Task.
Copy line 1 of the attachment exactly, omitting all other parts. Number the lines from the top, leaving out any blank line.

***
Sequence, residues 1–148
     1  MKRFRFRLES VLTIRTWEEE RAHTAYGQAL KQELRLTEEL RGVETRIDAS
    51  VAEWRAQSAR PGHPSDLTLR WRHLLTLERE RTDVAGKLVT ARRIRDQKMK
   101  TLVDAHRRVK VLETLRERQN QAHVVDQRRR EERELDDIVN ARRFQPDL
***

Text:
Sequence, residues 1–148